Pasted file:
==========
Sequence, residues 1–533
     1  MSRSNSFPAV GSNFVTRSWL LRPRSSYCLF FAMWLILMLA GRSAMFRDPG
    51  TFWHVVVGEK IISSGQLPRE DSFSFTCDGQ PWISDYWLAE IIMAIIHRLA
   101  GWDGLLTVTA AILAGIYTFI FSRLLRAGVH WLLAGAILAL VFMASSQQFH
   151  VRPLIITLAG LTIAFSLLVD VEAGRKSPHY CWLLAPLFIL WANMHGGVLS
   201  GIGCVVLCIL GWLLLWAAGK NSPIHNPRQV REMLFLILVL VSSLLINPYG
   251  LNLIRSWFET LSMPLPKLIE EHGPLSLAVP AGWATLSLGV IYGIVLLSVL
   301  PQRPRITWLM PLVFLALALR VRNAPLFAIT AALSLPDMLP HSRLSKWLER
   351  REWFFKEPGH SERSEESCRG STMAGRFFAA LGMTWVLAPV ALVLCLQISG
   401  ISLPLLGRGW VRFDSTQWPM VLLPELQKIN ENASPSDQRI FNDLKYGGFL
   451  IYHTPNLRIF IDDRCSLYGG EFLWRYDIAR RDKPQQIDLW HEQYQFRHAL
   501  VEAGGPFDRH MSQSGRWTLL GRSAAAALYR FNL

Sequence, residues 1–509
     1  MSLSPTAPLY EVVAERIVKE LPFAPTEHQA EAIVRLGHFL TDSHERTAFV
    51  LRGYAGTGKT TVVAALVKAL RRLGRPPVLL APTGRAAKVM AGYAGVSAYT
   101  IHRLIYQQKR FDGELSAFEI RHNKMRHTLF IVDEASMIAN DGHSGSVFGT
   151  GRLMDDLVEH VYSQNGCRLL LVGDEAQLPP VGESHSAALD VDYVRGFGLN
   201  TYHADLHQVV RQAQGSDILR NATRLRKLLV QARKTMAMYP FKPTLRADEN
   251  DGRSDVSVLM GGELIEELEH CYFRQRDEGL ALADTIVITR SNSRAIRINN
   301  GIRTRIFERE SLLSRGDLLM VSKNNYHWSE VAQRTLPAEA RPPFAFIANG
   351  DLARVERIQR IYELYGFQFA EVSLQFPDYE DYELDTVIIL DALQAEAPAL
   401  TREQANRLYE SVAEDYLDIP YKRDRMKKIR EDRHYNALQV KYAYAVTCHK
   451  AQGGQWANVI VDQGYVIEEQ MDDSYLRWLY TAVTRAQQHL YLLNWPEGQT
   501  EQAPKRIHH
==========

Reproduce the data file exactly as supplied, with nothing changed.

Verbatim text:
Sequence, residues 1–533
     1  MSRSNSFPAV GSNFVTRSWL LRPRSSYCLF FAMWLILMLA GRSAMFRDPG
    51  TFWHVVVGEK IISSGQLPRE DSFSFTCDGQ PWISDYWLAE IIMAIIHRLA
   101  GWDGLLTVTA AILAGIYTFI FSRLLRAGVH WLLAGAILAL VFMASSQQFH
   151  VRPLIITLAG LTIAFSLLVD VEAGRKSPHY CWLLAPLFIL WANMHGGVLS
   201  GIGCVVLCIL GWLLLWAAGK NSPIHNPRQV REMLFLILVL VSSLLINPYG
   251  LNLIRSWFET LSMPLPKLIE EHGPLSLAVP AGWATLSLGV IYGIVLLSVL
   301  PQRPRITWLM PLVFLALALR VRNAPLFAIT AALSLPDMLP HSRLSKWLER
   351  REWFFKEPGH SERSEESCRG STMAGRFFAA LGMTWVLAPV ALVLCLQISG
   401  ISLPLLGRGW VRFDSTQWPM VLLPELQKIN ENASPSDQRI FNDLKYGGFL
   451  IYHTPNLRIF IDDRCSLYGG EFLWRYDIAR RDKPQQIDLW HEQYQFRHAL
   501  VEAGGPFDRH MSQSGRWTLL GRSAAAALYR FNL

Sequence, residues 1–509
     1  MSLSPTAPLY EVVAERIVKE LPFAPTEHQA EAIVRLGHFL TDSHERTAFV
    51  LRGYAGTGKT TVVAALVKAL RRLGRPPVLL APTGRAAKVM AGYAGVSAYT
   101  IHRLIYQQKR FDGELSAFEI RHNKMRHTLF IVDEASMIAN DGHSGSVFGT
   151  GRLMDDLVEH VYSQNGCRLL LVGDEAQLPP VGESHSAALD VDYVRGFGLN
   201  TYHADLHQVV RQAQGSDILR NATRLRKLLV QARKTMAMYP FKPTLRADEN
   251  DGRSDVSVLM GGELIEELEH CYFRQRDEGL ALADTIVITR SNSRAIRINN
   301  GIRTRIFERE SLLSRGDLLM VSKNNYHWSE VAQRTLPAEA RPPFAFIANG
   351  DLARVERIQR IYELYGFQFA EVSLQFPDYE DYELDTVIIL DALQAEAPAL
   401  TREQANRLYE SVAEDYLDIP YKRDRMKKIR EDRHYNALQV KYAYAVTCHK
   451  AQGGQWANVI VDQGYVIEEQ MDDSYLRWLY TAVTRAQQHL YLLNWPEGQT
   501  EQAPKRIHH